CCT 510: Globalization in a Post-Sept. 11 World
Professor Martin Irvine

2004

This module will be conducted like a short seminar with weekly contributions from students. We'll explore three aspects of globalization, culture, and communication, but we won't be driven by thematic unity or the need for harmonizing approaches or kinds of theory. We'll study: the networks of cultural, material, and technological capital in global cities as one way to define globalization, the globalization of communications through the Internet and the way Internet infrastructure maps onto globalization, issues arising from international and global visual culture and the visual arts.

Students will work together in groups of 3 outside class and prepare group presentations based on the week's readings for beginning each class meeting. The presentation will involve the group's own approach to a research topic. Presentations must be in Powerpoint or Web/HTML pages. Each presentation will be limited to 20 minutes with discussion of the presentation in the context of the weeks readings and in the context of new information discovered through students' own research.

For a concluding final project for the module, students will develop an individually researched "globalization portfolio" on a topic of personal interest that addresses the one of the themes of the module. Grades will be based on classroom participation, the group presentation, and the final project.

Week 1: Introduction, discussion of intro readings.

Continuing Interpretation and Response to Introductory Readings

Readings from introductory week:

  • Benjamin Barber, "Jihad vs. McWorld," Atlantic Monthly, March, 1992. [Original essay version of his argument before the book, Jihad vs. McWorld: How Globalism and Tribalism are Reshaping the World. New York: Ballentine Books, 1996.]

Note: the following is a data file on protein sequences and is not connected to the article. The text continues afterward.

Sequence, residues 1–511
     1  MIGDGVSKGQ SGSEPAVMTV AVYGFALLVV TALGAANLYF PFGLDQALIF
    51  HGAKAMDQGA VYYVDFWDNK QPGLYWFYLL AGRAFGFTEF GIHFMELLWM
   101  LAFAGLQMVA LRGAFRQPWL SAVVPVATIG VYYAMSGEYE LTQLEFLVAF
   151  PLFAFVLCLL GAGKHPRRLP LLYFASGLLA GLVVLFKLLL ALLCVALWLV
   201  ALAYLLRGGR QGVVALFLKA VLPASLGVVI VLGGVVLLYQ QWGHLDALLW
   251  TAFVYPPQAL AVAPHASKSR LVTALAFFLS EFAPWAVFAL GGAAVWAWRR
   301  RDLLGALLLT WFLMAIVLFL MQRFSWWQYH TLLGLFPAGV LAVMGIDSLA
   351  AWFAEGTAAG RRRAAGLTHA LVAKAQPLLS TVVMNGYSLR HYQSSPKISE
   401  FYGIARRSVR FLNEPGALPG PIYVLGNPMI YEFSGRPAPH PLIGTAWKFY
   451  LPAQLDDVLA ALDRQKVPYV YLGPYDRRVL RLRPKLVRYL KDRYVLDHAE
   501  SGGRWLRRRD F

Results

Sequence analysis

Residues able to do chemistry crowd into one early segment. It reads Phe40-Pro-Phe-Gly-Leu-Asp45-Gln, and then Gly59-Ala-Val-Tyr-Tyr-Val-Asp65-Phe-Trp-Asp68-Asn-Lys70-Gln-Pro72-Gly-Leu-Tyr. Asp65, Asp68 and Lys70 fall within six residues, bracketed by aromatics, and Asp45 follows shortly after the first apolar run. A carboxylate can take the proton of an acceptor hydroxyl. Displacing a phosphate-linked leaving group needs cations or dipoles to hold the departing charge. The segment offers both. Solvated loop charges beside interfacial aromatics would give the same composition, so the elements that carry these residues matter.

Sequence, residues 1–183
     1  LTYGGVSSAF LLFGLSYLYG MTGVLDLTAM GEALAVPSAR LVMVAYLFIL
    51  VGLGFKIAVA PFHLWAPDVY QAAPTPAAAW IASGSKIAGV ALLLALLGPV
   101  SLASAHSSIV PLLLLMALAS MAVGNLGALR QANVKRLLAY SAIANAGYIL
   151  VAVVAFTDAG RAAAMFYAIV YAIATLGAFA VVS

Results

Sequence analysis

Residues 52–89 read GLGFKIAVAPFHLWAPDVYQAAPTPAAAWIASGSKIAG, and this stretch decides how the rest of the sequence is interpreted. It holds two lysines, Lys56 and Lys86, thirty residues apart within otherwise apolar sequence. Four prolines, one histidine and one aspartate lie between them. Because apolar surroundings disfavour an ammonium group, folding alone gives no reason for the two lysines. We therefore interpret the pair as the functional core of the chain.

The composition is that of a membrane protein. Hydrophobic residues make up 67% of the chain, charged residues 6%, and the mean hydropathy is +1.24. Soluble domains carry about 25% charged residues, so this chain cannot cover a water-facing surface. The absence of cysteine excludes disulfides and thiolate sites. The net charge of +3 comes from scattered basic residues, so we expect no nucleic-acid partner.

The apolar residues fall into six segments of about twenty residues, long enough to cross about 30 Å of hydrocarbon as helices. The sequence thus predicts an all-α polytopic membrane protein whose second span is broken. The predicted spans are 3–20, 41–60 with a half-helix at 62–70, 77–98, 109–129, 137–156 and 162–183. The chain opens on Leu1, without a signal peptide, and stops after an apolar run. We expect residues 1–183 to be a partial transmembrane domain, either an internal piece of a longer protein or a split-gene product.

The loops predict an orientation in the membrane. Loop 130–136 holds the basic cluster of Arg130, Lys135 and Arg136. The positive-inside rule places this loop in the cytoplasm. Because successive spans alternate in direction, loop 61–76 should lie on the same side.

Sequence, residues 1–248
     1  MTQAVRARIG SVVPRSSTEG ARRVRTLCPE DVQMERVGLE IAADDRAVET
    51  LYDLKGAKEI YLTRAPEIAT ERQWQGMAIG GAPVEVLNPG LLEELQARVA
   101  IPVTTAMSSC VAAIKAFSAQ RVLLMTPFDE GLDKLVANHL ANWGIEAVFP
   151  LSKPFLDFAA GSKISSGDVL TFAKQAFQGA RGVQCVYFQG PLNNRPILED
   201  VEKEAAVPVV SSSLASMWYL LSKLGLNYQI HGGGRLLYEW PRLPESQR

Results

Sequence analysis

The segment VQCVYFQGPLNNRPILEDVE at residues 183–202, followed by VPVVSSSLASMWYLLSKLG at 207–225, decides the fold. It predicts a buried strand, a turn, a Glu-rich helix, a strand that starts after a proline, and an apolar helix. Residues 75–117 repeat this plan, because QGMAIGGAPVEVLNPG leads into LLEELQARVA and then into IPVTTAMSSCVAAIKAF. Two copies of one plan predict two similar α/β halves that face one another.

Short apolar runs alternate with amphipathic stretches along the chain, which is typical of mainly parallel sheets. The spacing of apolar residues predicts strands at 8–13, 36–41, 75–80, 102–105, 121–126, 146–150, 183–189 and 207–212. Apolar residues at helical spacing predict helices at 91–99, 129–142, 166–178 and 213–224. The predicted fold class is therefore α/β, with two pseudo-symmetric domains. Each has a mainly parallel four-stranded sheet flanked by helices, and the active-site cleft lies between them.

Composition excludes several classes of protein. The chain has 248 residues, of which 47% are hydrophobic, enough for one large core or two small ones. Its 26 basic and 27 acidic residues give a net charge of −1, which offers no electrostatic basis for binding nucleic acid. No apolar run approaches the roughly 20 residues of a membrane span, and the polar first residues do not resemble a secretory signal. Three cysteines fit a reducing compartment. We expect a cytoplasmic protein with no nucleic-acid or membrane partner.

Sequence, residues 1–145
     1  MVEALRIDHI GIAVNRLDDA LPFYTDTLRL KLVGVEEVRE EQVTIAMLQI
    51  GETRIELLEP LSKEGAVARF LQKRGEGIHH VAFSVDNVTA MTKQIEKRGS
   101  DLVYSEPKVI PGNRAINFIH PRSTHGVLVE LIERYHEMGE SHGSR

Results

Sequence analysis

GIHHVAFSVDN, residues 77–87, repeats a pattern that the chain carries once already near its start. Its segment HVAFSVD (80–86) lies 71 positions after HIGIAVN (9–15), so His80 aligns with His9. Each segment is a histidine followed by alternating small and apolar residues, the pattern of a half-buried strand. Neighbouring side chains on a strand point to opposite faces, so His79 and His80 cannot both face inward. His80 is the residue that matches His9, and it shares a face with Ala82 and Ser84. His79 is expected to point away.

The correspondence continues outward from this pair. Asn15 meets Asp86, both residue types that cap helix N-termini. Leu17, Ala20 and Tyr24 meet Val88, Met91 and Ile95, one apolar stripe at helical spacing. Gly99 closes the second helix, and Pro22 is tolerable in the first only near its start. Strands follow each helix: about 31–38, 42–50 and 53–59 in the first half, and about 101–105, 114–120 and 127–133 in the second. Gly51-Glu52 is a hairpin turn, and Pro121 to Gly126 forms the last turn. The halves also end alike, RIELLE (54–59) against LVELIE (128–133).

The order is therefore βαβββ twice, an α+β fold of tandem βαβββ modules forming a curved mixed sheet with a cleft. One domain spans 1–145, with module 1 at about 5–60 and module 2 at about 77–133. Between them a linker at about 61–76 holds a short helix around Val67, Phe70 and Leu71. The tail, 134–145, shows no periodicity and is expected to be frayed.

• -----. "Beyond Jihad vs. McWorld," The Nation, Jan. 3, 2002. [Barber's updated argument.]
  • Samuel P. Huntington, "The Clash of Civilizations?" Foreign Affairs Summer 1993, 72/3. [Original version of the argument before the book, The Clash of Civilizations and the Remaking of the World Order. New York: Touchstone Books, 1996.]
  • -----. "The Clash of Ignorance," The Nation, Oct. 4, 2001. [Critique of Huntington]

Continuing Background Readings:

Theorizing Globalization(s)

  • Manuel Castells, The Information Age, Vol. 1. The rise of the network society. Cambridge, Mass.: Blackwell Publishers, 1996, pp. 1-18; 92-106. [EReserves]
  • Douglas Kellner, UCLA, "Theorizing Globalization," (2002 paper).

Recommended/Optional Readings

Introduction to Topics in this Module (Lecture Notes)

Assignment for week 1: read and capture the foundational assumptions, premises, and presuppositions, not simply the details of the content. What problems do you see in any of the assumptions and analyses?

For first class meeting: Bring notes on readings to class. Focus on readings in "Theorizing Globalization(s) section above" but read as much background as possible. Introductory discussion on issues using the resources/references for framing the problem in this week's readings.

    • Multiple views of globalization(s): complexities, contradictions, oppositions
    • How do nation-states enact globalization?
    • Views of "American Empire"
    • "Clash of civilizations" theory and evidence
    • Clash of discourses, theories, agendas.

Week 2: Group 1 Group 2

Globalization theories: focus on the "networked cities" and megacities viewpoints

Required Readings:

  • Saskia Sassen, "Urban Economies and Fading Distances," Megacities Foundation, Megacities lecture, 1998.
  • -----. "Introduction: Locating Cities on Global Circuits," from Saskia Sassen, ed. Global Networks, Linked Cities. NY: Routledge, 2002. pp. 1-36. [EReserves]
  • -----. Globalization and its discontents: Essays on the New Mobility of People and Money. New York : New Press, 1998, "Introduction". [EReserves]
  • Manuel Castells, The Information Age, Vol. 1. The rise of the network society. Cambridge, Mass.: Blackwell Publishers, 1996. From Chap. 6, "The Space of Flows," 376-418. [EReserves]